Like Orwell’s dead souls, we live in an age of statist mythology, in which unpleasant facts are replaced by socially useful lies. So we print the legend that better serves our fantasies.
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« Reply #1280 on: September 28, 2013, 07:07:43 PM »

Our friends at the Cable News Network are objecting to our Thursday editorial ("Holocaust Denial in Translation") that noted subtle but significant discrepancies between what Iranian President Hassan Rouhani, speaking in Persian, told CNN's Christiane Amanpour, and what CNN's viewers heard in the English translation of his remarks. In a Twitter post, Ms. Amanpour insists that "CNN reported exactly what Rouhani said."

Er, not exactly, Christiane.

Ms. Amanpour's interview is gaining notice because it seemed to have Mr. Rouhani denouncing the Holocaust. CNN's English transcript of the interview quotes the Iranian leader as "speaking of the dimensions of the Holocaust" (our emphasis), while adding that "whatever criminality they [the Nazis] committed against the Jews, we condemn."


But as we pointed out in the editorial, Mr. Rouhani never uses the word "Holocaust." He merely speaks of "aspects of historical events." Our independent translation of Mr. Rouhani's remarks confirms this, as does Arash Karami of the Iran Pulse website, as does the transcript provided by Mr. Rouhani's office, as does the semi-official Fars news agency, which is demanding its own correction from CNN.

The point may seem small to Western ears, but it's significant in the context of a regime for which Holocaust denial is an article of ideological faith. Ditto for the second comment: Mr. Rouhani did not speak narrowly of Nazi crimes against Jews, but more broadly of crimes "against the Jews and the non-Jews." This distinction is also important, because central to the claims of Holocaust revisionists is the lie that Jews were not the deliberate and principal target of Nazi genocide.

Lest there be any doubt about Mr. Rouhani's careful word play, he also weighed in on the subject during an appearance this week at the Council on Foreign Relations. "We condemn the crimes by Nazis in the World War II," he said, again without speaking of a Holocaust. "And regrettably those crimes were committed against many groups, many people, many people were killed including a group of Jewish people."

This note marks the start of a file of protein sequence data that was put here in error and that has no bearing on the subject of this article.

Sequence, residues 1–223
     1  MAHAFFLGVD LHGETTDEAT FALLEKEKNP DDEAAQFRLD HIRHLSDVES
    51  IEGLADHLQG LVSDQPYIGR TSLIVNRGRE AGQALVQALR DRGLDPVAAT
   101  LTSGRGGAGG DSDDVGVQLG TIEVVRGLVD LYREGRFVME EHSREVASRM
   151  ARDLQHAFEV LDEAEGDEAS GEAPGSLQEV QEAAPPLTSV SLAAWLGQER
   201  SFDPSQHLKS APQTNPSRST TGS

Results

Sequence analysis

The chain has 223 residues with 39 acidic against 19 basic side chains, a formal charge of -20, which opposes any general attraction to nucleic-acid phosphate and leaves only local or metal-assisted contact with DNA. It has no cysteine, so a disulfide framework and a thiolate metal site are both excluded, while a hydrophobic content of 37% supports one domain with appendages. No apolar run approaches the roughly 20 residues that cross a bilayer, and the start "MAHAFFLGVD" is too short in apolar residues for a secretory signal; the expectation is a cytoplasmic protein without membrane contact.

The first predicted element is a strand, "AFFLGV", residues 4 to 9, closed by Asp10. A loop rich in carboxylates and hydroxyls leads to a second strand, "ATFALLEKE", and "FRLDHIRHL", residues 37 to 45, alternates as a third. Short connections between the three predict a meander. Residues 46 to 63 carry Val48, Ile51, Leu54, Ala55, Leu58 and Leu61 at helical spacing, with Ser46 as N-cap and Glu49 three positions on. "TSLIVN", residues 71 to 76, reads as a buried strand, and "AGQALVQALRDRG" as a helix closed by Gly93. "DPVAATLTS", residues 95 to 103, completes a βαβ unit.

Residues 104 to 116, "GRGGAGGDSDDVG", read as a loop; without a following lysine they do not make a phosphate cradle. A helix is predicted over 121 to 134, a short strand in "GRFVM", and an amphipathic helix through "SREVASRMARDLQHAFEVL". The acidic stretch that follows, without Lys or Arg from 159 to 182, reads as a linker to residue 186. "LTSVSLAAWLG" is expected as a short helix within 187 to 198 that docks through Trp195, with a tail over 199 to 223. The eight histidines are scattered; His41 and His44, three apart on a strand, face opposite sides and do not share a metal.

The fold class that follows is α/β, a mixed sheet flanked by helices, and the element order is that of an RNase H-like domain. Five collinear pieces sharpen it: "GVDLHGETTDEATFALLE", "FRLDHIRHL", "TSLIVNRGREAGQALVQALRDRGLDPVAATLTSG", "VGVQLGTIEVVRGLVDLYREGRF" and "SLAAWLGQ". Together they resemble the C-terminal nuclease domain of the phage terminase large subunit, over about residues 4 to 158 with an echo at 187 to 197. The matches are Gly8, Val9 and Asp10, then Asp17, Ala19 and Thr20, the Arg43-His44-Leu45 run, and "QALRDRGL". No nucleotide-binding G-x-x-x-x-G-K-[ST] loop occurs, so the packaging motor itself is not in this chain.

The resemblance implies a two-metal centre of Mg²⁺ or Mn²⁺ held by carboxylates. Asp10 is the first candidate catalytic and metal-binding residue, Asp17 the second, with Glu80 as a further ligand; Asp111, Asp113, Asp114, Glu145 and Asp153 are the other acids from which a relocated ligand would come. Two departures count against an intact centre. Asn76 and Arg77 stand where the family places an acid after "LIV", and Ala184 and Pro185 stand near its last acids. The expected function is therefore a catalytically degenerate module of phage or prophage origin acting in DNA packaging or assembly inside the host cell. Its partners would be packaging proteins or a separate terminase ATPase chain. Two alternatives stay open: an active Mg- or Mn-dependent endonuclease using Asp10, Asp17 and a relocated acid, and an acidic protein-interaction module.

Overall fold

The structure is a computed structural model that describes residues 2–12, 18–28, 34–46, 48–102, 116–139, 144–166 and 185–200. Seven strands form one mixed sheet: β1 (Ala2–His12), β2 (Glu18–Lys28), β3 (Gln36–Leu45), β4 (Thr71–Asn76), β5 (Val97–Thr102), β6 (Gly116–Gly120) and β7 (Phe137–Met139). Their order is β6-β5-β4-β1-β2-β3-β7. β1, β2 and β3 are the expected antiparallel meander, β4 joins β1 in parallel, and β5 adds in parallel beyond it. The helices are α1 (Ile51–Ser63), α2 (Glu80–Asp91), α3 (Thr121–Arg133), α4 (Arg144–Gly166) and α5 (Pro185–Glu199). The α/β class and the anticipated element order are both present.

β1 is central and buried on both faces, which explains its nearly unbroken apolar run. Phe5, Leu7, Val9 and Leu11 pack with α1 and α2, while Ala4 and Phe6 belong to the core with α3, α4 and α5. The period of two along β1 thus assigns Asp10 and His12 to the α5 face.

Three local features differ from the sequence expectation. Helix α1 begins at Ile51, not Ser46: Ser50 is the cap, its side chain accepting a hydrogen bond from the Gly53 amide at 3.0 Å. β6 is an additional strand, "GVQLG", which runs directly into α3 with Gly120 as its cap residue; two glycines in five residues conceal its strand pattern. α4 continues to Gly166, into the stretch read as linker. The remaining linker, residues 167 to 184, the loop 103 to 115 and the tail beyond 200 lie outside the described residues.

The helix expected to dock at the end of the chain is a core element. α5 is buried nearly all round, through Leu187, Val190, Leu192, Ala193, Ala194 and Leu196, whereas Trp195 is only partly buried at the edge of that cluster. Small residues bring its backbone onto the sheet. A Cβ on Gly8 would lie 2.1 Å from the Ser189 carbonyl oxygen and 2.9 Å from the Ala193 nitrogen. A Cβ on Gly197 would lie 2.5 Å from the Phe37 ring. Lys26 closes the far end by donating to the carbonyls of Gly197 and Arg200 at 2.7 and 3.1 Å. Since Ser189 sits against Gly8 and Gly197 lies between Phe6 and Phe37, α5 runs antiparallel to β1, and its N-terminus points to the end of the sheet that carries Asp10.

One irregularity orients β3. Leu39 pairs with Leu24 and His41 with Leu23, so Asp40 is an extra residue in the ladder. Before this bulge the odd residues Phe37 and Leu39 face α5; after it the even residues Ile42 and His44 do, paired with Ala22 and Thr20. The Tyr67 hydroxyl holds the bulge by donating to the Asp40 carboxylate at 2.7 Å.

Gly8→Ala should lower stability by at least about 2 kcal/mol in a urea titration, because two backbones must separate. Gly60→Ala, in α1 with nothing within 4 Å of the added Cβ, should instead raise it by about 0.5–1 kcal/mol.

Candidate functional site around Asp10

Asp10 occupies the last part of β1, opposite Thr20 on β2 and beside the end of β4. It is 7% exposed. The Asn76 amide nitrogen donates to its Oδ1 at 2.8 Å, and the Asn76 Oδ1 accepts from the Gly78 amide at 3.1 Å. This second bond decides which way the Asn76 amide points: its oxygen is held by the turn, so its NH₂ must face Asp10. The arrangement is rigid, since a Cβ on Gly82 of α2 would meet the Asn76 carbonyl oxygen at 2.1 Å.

As the New York Sun points out, "a group of Jewish people" is a telling way to describe the six million murdered by the Nazis. Maybe Mr. Rouhani has to be so rhetorically evasive because Supreme Leader Ali Khamenei has denounced "the myth of the massacre of Jews known as the holocaust"—a statement you can find on his official, English-language website.

Meantime, we note with amusement that Ms. Amanpour objects to our agreeing with the accuracy of the Fars translation, as opposed to CNN's: "Stunned by willingness of [Wall Street Journal editorial] page and others to jump into bed with Iranian extremist mouthpiece like FARS." Which is funny, because the interpreter on whom CNN relied for its mistranslation was part of Mr. Rouhani's Iranian government entourage.

So we will not be offering an apology to CNN, though we will be happy to accept theirs.
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Crafty_Dog
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« Reply #1281 on: September 28, 2013, 10:57:59 PM »

Interesting read about a controversial journalist's current thoughts:

http://www.theguardian.com/media/media-blog/2013/sep/27/seymour-hersh-obama-nsa-american-media
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« Reply #1282 on: October 05, 2013, 10:07:59 AM »

Exactly.  Look what happened to Weiner.   He leads in the NYC polls and then more pictures come out about him doing the same thing AFTER first being exposed.  But that was not what did him in.  Its was the comparisons to the Clintons.   That is what got the MSM decidedly motivated to trash him.  Can't have him hurt politically their '16 candidate: